|Oracle® Database SQL Reference
10g Release 1 (10.1)
Part Number B10759-01
Caution:You cannot roll back a
TRUNCATE statement to remove all rows from a table or cluster. By default, Oracle Database also deallocates all space used by the removed rows except that specified by the
MINEXTENTS storage parameter and sets the
NEXT storage parameter to the size of the last extent removed from the segment by the truncation process.
Removing rows with the
TRUNCATE statement can be more efficient than dropping and re-creating a table. Dropping and re-creating a table invalidates dependent objects of the table, requires you to regrant object privileges on the table, and requires you to re-create the indexes, integrity constraints, and triggers on the table and respecify its storage parameters. Truncating has none of these effects.
To truncate a table or cluster, the table or cluster must be in your schema or you must have
TABLE system privilege.
Specify the schema and name of the table to be truncated. This table cannot be part of a cluster. If you omit
schema, then Oracle Database assumes the table is in your own cluster.
You can truncate index-organized tables and temporary tables. When you truncate a temporary table, only the rows created during the current session are removed.
Oracle Database changes the
NEXT storage parameter of
table to be the size of the last extent deleted from the segment in the process of truncation.
Oracle Database also automatically truncates and resets any existing
UNUSABLE indicators for the following indexes on
table: range and hash partitions of local indexes and subpartitions of local indexes.
table is not empty, then the database marks
UNUSABLE all nonpartitioned indexes and all partitions of global partitioned indexes on the table.
For a domain index, this statement invokes the appropriate truncate routine to truncate the domain index data.
See Also:Oracle Data Cartridge Developer's Guide for more information on domain indexes
If a regular or index-organized table contains LOB columns, then all LOB data and LOB index segments are truncated.
table is partitioned, then all partitions or subpartitions, as well as the LOB data and LOB index segments for each partition or subpartition, are truncated.
Note:When you truncate a table, Oracle Database automatically removes all data in the table's indexes and any materialized view direct-path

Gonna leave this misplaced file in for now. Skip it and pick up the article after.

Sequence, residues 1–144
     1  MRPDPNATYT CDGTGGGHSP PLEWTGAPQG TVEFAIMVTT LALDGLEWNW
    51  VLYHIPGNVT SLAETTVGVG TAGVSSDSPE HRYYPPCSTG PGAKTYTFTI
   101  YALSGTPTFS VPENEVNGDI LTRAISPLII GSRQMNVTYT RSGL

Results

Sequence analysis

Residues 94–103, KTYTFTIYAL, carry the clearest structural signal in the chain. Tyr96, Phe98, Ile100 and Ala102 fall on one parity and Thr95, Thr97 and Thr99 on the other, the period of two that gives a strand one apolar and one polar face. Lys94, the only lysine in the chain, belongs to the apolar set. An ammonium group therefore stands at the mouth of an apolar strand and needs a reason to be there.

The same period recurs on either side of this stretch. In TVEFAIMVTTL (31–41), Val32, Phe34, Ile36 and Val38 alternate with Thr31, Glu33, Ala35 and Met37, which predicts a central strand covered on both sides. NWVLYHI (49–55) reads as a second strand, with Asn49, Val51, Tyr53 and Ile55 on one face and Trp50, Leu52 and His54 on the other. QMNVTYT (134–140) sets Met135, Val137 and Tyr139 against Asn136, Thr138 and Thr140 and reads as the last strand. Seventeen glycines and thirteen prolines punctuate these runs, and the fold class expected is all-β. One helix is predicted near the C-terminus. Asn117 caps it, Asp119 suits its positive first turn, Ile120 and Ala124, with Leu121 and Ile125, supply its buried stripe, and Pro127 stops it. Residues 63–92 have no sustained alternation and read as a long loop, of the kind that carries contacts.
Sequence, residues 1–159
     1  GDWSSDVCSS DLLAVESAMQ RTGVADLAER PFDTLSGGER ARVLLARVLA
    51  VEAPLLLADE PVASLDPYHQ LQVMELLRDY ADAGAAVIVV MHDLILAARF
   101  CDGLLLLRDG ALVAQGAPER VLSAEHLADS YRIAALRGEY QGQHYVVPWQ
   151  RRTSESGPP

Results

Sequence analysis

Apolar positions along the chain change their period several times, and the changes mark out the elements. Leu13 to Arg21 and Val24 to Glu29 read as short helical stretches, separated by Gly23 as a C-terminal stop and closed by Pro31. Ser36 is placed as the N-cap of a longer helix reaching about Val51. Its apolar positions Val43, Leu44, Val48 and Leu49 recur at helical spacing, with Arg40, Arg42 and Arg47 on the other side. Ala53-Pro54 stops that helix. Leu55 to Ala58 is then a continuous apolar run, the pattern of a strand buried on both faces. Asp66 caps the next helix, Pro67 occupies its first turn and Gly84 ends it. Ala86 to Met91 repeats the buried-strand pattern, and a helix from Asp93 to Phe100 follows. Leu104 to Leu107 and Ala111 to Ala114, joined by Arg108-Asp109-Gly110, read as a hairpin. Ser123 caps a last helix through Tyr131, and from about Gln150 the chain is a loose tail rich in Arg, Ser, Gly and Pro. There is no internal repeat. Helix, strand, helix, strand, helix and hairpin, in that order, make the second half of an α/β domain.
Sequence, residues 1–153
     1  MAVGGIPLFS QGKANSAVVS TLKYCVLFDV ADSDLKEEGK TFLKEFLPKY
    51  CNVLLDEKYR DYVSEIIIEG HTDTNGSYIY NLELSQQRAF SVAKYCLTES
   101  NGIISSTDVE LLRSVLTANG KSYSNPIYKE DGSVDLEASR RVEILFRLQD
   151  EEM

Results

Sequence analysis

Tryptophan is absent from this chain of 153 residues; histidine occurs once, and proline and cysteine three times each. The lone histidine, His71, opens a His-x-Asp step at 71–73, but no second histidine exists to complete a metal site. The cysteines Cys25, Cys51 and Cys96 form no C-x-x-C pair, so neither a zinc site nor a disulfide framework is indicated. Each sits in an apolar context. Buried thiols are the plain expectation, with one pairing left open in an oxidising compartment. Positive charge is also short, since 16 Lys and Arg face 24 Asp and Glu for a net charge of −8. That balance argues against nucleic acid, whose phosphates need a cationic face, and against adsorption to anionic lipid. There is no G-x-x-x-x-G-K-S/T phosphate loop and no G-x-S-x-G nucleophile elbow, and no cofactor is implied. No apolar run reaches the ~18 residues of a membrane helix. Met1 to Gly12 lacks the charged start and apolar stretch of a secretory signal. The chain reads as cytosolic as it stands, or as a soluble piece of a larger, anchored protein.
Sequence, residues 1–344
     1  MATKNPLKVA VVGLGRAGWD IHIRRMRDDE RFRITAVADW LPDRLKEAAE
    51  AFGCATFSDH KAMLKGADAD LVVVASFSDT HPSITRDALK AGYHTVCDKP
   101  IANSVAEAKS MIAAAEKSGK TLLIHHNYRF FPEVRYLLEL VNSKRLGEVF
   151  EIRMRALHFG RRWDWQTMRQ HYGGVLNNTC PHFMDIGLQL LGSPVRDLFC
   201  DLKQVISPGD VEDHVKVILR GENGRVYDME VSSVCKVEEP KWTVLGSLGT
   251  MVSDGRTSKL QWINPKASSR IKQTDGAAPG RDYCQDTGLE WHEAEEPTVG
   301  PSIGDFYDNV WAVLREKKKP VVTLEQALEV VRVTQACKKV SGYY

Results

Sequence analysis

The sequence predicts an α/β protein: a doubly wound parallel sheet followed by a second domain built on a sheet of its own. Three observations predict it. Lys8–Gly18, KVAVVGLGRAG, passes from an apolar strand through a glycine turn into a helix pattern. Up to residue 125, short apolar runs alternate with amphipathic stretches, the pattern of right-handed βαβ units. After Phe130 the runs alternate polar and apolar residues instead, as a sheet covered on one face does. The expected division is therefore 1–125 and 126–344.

You cannot individually truncate a table that is part of a cluster. You must either truncate the cluster, delete all rows from the table, or drop and re-create the table.
You cannot truncate the parent table of an enabled referential integrity constraint. You must disable the constraint before truncating the table. An exception is that you can truncate the table if the integrity constraint is self-referential.
If a domain index is defined on
table, then neither the index nor any index partitions can be marked
LOG clause lets you specify whether a materialized view log defined on the table is to be preserved or purged when the table is truncated. This clause permits materialized view master tables to be reorganized through export or import without affecting the ability of primary key materialized views defined on the master to be fast refreshed. To support continued fast refresh of primary key materialized views, the materialized view log must record primary key information.
PRESERVE if any materialized view log should be preserved when the master table is truncated. This is the default.
PURGE if any materialized view log should be purged when the master table is truncated.
See Also:Oracle Database Advanced Replication for more information about materialized view logs and the
Specify the schema and name of the cluster to be truncated. You can truncate only an indexed cluster, not a hash cluster. If you omit
schema, then the database assumes the cluster is in your own schema.
When you truncate a cluster, the database also automatically deletes all data in the indexes of the cluster tables.
STORAGE clauses let you determine what happens to the space freed by the truncated rows. The
STORAGE clause and
STORAGE clause also apply to the space freed by the data deleted from associated indexes.
STORAGE to deallocate all space from the deleted rows from the table or cluster except the space allocated by the
MINEXTENTS parameter of the table or cluster. This space can subsequently be used by other objects in the tablespace. Oracle Database also sets the
NEXT storage parameter to the size of the last extent removed from the segment in the truncation process. This is the default.
STORAGE to retain the space from the deleted rows allocated to the table or cluster. Storage values are not reset to the values when the table or cluster was created. This space can subsequently be used only by new data in the table or cluster resulting from insert or update operations. This clause leaves storage parameters at their current settings.
If you have specified more than one free list for the object you are truncating, then the
STORAGE clause also removes any mapping of free lists to instances and resets the high-water mark to the beginning of the first extent.
The following statement removes all rows from a hypothetical copy of the sample table
hr.employees and returns the freed space to the tablespace containing
TRUNCATE TABLE employees_demo;
The preceding statement also removes all data from all indexes on
employees and returns the freed space to the tablespaces containing them.
The following statement removes all rows from all tables in the
personnel cluster, but leaves the freed space allocated to the tables:
TRUNCATE CLUSTER personnel REUSE STORAGE;
The preceding statement also removes all data from all indexes on the tables in the
The following statements are examples of truncate statements that preserve materialized view logs:
TRUNCATE TABLE sales_demo PRESERVE MATERIALIZED VIEW LOG; TRUNCATE TABLE orders_demo;